Today voters will be choosing a successor to former Congressman Jesse Jackson Jr. for the Illinois 2nd District in a special election between Democrat Robin Kelly and Republican Paul McKinley. The Illinois 2nd contains parts of the South Side of Chicago and some southern suburbs.
Though this seems like a typical Chicago election, there is one significant external factor: New York Mayor Michael Bloomberg and his Independent USA PAC, which supported Robin Kelly in the February Democratic primary.
Bloomberg, who recently pledged to endorse and fund candidates that support gun control, spent $2.2 million dollars for media attacking Kelly’s main primary opponent, ex-congresswoman Debbie Halvorson. This figure makes his PAC the largest spender in the race.
Halvorson, a former representative of Illinois’ 11th Congressional District, opposed an assault weapons ban and any prohibition of high-capacity magazines, warranting her an “A” rating from the National Rifle Association. Bloomberg opposed her based on those policies alone, using the mass shooting at Sandy Hook Elementary School as leverage.
Halvorson lost to Jesse Jackson Jr. in the 2012 primary by a 71-29 percent margin. However, after Jackson left his seat for ethics violations, she saw another opportunity. Her probability of election increased greatly after state Sen. Toi Hutchinson dropped out of the race, despite her endorsement by Cook County Board President Toni Preckwinkle.
But she couldn’t defeat Bloomberg’s media onslaught. Robin Kelly reaped the rewards of her five-point gun control pledge to: 1) pass a comprehensive ban on assault weapons; 2) eliminate the gun show loophole; 3) never accept support from groups that oppose reasonable gun safety legislation; 4) ban high-capacity ammunition magazines; and 5) support laws that prohibit conceal-and-carry permits.
A former state representative and chief of staff for the state treasurer, Robin Kelly won the February primary with 52 percent of the vote. Only 14 percent of voters came out because of a violent snowstorm on February 26, Election Day.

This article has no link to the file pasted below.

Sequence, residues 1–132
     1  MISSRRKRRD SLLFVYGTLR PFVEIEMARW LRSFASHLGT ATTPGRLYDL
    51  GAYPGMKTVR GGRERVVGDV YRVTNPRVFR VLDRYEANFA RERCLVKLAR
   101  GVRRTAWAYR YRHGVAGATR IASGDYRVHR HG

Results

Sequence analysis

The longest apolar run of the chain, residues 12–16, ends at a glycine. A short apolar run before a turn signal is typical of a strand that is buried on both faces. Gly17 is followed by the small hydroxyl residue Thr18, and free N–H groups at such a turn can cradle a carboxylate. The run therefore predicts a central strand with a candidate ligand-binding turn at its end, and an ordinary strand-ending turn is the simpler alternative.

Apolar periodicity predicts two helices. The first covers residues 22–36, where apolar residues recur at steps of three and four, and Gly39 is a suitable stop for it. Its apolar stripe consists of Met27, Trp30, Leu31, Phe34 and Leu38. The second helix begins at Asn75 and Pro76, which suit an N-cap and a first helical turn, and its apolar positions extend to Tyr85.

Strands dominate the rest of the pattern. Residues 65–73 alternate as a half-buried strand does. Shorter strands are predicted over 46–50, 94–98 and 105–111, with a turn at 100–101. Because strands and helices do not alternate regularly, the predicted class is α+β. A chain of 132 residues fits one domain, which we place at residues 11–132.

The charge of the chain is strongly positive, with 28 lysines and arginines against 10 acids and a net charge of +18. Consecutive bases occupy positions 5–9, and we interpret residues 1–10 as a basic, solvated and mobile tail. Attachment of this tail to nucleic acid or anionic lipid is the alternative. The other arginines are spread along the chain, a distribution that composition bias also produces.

There certainly was no guarantee that Kelly would become the Democratic nominee with six other candidates in the race and a glaring non-endorsement from her former employer, Preckwinkle.
Robin Kelly faces GOP nominee and former convict Paul McKinley, a scrappy opponent with only a $10,000 campaign budget. McKinley used YouTube and social media to advance his campaign, and he even made a trip to CPAC 2013 to promote himself.
Unfortunately, his slim victory in the Republican primary (only 955 votes) and tacky campaigning (referring to Rahm “Caliglius” Emanuel and the Chicago “Machine”) in a solidly blue district makes his campaign a non-starter.
Representative Kelly will vehemently support any type of gun control legislation. Since Majority Leader Harry Reid removed the assault weapons ban from the Senate bill, the freshman will have to maneuver to remain relevant. Statements such as this one about conceal-and-carry permits evidence her complete opposition to the Second Amendment as an individual right.
But these opinions allowed her to win the backing of Michael Bloomberg’s money and largesse — and (barring divine intervention today) a seat in the U.S. House.
Notice to Readers: The American Spectator and Spectator World are marks used by independent publishing companies that are not affiliated in any way. If you are looking for The Spectator World please click on the following link: https://thespectator.com/world.